{'-h': 'Bob Belcher', '-w': 'Linda Belcher', '-d1': 'Tina Belcher', '-s': 'Gene Belcher', '-d2': 'Louise Belcher'}

Python Command Line Arguments

The sys module provides developers with an access point to command line arguments. Here is an example program that prints command line arguments to the console.

import sys

# The sys object has an argv field that is a
# list of the command line arguments passed to the program
# The first entry is the name of the script
print(sys.argv)

Here is the program’s output when run from the command line.

Patricks-MacBook-Pro:system stonesoup$ python testargv.py
['testargv.py']

The sys.argv object is a list of all command line arguments supplied to the script when run as a python program. Generally speaking, the first entry in the list is the name of the script. For more information on Python, see Programming Python: Powerful Object-Oriented Programming

Python Page Through A File

Many operating systems have command line tools that allow a user to page through a file in chunks. As a demonstration of how to read text files in Python, I used an example from Programming Python: Powerful Object-Oriented Programming.

Code

def more(text, numlines=15):
    # This splits the text into a list object based on line
    # endings
    lines = text.splitlines()

    # Now continue to loop until we are out of lines
    while lines:
        # Slice off numLines into chunk
        chunk = lines[:numlines]
        
        # Remove numLines from the beginning of lines
        lines = lines[numlines:]

        # Now loop through each line in chunk
        for line in chunk:
            # and then print a line
            print(line)
            
        # Now ask the user if we want to keep going
        if lines and input('More?') not in ['y', 'Y']:
            break

if __name__ == '__main__':
    # Import sys so that we can read command line arguments
    import sys
    
    # Next, we are grabbing the first argument from the
    # command line, and passing it the open function
    # which returns a file object. Calling read on this
    # object will dump the contents of the file into a String
    # which gets passed to our more function above
    more(open(sys.argv[1]).read(), 10)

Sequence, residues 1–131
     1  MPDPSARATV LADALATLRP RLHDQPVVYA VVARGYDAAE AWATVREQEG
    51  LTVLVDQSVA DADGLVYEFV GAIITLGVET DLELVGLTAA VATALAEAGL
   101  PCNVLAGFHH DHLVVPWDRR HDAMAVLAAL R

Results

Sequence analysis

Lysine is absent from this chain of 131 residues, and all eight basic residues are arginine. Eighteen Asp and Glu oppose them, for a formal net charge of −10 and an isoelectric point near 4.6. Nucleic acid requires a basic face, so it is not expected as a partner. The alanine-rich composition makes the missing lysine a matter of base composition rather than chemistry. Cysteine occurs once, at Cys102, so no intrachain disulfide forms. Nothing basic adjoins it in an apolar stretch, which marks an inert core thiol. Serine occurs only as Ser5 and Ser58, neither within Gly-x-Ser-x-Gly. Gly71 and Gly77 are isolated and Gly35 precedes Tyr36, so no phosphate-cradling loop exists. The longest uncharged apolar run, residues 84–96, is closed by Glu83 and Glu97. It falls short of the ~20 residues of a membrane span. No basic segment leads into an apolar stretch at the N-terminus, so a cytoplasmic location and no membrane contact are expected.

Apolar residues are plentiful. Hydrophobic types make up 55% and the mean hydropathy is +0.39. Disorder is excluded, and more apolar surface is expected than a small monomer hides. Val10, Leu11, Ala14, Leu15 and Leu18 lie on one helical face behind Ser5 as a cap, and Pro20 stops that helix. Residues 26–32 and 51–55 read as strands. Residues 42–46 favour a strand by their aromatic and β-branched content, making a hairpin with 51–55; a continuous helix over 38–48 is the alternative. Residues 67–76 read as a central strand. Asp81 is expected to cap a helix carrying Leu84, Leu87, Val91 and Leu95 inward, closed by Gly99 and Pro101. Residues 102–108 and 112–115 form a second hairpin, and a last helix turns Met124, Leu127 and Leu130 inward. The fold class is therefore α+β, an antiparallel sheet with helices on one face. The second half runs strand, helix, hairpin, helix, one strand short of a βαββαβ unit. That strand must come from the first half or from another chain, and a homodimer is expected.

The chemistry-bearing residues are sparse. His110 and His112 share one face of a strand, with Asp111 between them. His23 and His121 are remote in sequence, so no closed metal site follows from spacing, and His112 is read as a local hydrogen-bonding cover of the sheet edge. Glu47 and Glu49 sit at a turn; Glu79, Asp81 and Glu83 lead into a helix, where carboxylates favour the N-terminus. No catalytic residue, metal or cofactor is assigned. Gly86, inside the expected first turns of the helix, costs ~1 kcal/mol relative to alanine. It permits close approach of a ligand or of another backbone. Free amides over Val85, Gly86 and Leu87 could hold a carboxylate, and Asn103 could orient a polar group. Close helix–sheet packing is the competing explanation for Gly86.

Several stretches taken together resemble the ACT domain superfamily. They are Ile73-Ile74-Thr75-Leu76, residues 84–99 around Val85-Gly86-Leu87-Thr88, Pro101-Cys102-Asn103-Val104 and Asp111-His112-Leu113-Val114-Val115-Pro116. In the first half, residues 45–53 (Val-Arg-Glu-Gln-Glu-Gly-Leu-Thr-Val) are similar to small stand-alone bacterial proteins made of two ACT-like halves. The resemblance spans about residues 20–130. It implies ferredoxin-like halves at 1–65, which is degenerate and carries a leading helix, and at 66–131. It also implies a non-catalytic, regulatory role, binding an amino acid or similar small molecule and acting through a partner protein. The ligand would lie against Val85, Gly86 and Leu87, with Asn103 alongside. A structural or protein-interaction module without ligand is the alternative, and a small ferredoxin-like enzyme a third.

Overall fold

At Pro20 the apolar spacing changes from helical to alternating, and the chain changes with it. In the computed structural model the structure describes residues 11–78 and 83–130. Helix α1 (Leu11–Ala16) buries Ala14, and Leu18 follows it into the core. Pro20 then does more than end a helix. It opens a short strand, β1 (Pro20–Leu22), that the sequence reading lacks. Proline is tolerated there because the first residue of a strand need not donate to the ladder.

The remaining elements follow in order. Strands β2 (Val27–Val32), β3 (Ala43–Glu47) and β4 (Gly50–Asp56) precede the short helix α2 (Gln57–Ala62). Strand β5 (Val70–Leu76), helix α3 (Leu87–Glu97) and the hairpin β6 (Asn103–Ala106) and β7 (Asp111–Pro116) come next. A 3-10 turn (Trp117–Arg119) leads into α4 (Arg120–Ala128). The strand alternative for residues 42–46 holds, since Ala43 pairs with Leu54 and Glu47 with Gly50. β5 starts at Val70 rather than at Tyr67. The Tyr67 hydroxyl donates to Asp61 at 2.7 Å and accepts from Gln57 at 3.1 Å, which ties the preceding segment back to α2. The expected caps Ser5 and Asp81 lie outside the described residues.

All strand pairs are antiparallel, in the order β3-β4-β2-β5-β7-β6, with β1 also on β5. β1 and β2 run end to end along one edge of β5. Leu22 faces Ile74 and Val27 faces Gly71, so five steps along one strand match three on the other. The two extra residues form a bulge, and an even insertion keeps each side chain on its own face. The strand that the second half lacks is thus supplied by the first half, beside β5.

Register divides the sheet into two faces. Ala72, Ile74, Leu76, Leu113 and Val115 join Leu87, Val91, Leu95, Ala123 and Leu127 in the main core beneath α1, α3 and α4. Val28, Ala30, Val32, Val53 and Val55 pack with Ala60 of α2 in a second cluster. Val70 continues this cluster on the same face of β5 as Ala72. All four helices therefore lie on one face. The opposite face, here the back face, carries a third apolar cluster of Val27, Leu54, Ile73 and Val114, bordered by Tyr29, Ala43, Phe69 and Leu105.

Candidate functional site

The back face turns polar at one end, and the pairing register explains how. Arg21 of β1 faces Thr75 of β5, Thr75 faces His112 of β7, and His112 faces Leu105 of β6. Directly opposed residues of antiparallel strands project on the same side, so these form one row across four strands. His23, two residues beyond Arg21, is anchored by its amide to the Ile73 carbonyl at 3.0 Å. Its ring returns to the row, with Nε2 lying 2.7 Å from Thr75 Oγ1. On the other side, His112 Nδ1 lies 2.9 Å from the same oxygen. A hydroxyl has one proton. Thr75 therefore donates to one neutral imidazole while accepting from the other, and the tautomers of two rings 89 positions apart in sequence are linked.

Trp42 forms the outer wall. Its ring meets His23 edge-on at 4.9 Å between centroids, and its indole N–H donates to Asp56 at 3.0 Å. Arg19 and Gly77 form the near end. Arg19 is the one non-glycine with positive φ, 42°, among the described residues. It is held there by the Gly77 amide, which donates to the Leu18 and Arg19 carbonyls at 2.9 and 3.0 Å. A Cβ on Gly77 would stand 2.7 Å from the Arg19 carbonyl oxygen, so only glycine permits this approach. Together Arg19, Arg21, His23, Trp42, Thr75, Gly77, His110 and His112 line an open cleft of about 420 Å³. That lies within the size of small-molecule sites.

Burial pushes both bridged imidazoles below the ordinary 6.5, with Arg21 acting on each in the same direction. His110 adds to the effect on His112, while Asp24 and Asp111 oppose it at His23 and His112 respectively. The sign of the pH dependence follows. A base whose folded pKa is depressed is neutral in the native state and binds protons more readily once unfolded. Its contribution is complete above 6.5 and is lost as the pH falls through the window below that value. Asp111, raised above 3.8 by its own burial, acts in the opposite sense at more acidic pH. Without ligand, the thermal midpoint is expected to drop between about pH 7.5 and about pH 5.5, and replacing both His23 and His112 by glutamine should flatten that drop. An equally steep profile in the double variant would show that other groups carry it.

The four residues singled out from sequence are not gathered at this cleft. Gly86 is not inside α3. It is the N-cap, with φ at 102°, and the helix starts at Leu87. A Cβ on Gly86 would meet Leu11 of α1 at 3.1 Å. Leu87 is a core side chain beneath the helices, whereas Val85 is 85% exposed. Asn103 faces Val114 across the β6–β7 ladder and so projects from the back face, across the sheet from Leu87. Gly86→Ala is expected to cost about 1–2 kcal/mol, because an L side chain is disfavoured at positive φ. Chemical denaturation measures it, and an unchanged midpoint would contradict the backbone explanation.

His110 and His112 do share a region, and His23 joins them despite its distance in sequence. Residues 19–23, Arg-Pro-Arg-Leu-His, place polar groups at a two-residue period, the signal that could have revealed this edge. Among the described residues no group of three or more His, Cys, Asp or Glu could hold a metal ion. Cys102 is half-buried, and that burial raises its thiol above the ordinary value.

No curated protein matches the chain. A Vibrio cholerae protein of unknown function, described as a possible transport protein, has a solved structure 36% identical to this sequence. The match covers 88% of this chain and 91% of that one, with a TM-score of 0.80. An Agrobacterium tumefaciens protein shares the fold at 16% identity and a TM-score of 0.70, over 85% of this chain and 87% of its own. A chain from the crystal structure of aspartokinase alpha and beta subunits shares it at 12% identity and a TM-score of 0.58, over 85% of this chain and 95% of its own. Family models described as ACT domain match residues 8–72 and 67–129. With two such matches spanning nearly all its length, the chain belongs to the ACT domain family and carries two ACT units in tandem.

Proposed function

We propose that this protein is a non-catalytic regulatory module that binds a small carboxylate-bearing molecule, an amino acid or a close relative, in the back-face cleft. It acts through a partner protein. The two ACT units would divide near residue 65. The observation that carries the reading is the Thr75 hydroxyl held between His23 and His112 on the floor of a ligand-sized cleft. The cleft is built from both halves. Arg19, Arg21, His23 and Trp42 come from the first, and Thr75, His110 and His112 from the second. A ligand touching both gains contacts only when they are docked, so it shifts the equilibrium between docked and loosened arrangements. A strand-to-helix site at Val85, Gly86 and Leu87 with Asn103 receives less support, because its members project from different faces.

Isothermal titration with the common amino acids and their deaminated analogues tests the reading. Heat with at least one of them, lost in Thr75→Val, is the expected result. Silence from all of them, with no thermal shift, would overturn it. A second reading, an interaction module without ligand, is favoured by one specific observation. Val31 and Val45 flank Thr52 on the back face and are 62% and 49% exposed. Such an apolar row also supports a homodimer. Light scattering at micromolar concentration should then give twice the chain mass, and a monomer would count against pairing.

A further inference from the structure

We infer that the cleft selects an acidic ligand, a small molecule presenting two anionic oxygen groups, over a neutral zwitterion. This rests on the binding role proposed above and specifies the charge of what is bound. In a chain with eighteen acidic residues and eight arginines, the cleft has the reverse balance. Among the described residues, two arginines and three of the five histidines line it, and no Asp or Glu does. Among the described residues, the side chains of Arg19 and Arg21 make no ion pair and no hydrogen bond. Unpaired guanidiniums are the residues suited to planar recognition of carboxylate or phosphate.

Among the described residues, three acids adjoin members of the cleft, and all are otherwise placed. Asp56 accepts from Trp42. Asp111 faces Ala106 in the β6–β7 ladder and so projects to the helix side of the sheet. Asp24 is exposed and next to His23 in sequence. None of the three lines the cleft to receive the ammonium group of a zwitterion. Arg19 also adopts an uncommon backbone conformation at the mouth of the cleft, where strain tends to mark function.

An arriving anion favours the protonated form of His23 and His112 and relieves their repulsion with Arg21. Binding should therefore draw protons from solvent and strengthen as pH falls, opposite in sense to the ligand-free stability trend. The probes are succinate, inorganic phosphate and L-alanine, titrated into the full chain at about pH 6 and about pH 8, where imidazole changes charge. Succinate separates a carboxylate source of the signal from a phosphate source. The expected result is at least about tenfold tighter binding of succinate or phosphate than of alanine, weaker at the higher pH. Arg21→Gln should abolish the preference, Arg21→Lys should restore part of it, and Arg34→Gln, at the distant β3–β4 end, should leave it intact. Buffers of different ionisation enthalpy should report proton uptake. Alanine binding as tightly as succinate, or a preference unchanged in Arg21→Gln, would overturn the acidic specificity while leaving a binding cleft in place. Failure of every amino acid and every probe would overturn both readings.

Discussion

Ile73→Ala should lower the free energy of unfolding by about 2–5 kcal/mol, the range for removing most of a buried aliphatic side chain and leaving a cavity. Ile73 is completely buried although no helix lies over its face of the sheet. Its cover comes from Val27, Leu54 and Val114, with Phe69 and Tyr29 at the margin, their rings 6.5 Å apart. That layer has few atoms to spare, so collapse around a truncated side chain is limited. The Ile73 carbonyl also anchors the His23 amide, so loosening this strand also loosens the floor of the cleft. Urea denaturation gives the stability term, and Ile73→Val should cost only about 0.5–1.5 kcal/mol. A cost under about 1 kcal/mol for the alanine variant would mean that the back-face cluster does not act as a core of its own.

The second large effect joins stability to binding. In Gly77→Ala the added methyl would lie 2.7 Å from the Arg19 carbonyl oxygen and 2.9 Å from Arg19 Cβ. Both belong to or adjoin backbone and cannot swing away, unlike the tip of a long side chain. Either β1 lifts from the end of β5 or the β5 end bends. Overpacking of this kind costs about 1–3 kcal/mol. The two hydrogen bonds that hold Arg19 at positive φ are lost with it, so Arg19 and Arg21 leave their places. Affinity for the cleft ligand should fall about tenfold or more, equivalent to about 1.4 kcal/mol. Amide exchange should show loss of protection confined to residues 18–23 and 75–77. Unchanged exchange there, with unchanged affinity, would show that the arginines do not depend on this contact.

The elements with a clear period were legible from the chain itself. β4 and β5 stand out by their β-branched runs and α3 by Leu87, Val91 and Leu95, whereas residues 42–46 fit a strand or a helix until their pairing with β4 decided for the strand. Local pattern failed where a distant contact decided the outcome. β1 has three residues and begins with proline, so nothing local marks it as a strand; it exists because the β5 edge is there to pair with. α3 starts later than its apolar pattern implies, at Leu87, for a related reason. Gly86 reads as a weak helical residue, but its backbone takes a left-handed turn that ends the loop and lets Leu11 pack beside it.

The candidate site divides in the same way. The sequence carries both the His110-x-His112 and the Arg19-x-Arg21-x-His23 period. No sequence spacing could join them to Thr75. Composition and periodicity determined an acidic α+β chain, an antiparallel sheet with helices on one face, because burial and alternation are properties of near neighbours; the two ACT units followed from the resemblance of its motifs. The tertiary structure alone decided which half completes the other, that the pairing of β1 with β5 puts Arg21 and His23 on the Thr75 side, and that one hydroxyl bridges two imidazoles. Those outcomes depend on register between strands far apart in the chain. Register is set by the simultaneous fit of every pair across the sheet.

Detailed Explanation

The comments in the code above are mine and explain what is going on in the program. The program starts by testing if this script is getting called as a standalone program or if we are importing this code as a module.

Assuming this is a standalone program, we import the sys module so that we can examine the command line arguments. The second command line argument needs to be a text file or this program will crash. We pass the name of the file to the open function, which returns a file object. Calling read() on the file object dumps the entire contents of the file into a String.

At this point, we pass the string into our more() function. It starts out by splitting the string by lines, which returns a list object. We start to loop through this list object, which continues until the list is empty.

Inside of the while loop, we slice off numLines from lines and store then in chunk. Then we remove those lines from the lines list. The next step is to print out each line in chunk. Once that is complete, we test if we still have more lines to print and if we do, we ask the user if they want to keep going or exit.

Here is the program output when run on my screen.

Patricks-MacBook-Pro:System stonesoup$ python more.py more.py
def more(text, numlines=15):
    lines = text.splitlines()

    while lines:
        chunk = lines[:numlines]
        lines = lines[numlines:]

        for line in chunk:
            print(line)
        if lines and input('More?') not in ['y', 'Y']:
More?y
            break

if __name__ == '__main__':
    import sys
    more(open(sys.argv[1]).read(), 10)

Python Current Working Directory

Many programs have a need to figure out the current working directory (CWD) at runtime. The Python os package has a getcwd() function that returns a program’s CWD. This is an example taken from Programming Python: Powerful Object-Oriented Programming

Code

import os, sys

# This prints the current working directory
print('my os.getcwd =>', os.getcwd())

# This prints the system path
print('my sys.path =>', sys.path[:6])

input('Press any key to exit')

Explanation

There isn’t much going on in this program. The first line imports the os and sys modules. The next line calls the print statement and passes the value returned from os.getcwd(). That will print the current working directy.

The next line prints the system paths, limited to 6 paths. Finally there is an input statement that causes the program to wait until the user presses a key to exit the program.

Output

Here is the output when ran on my system.

my os.getcwd => /Users/stonesoup/IdeaProjects/ProgrammingPython/PP4E/System
my sys.path => ['/Users/stonesoup/IdeaProjects/ProgrammingPython/PP4E/System', '/Users/stonesoup/Library/Application Support/IntelliJIdea2017.2/python/helpers/pydev', '/Users/stonesoup/IdeaProjects/ProgrammingPython', '/Users/stonesoup/IdeaProjects/ProgrammingPython/PP4E', '/Users/stonesoup/IdeaProjects/ProgrammingPython/PP4E/System', '/Users/stonesoup/Library/Application Support/IntelliJIdea2017.2/python/helpers/pydev']
Press any key to exit